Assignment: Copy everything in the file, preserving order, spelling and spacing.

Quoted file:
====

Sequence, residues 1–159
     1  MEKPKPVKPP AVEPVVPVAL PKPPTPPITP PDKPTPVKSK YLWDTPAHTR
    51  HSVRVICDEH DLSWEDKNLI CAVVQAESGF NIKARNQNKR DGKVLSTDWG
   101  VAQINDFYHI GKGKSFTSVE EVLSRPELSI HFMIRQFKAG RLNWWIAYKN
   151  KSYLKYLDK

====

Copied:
Sequence, residues 1–159
     1  MEKPKPVKPP AVEPVVPVAL PKPPTPPITP PDKPTPVKSK YLWDTPAHTR
    51  HSVRVICDEH DLSWEDKNLI CAVVQAESGF NIKARNQNKR DGKVLSTDWG
   101  VAQINDFYHI GKGKSFTSVE EVLSRPELSI HFMIRQFKAG RLNWWIAYKN
   151  KSYLKYLDK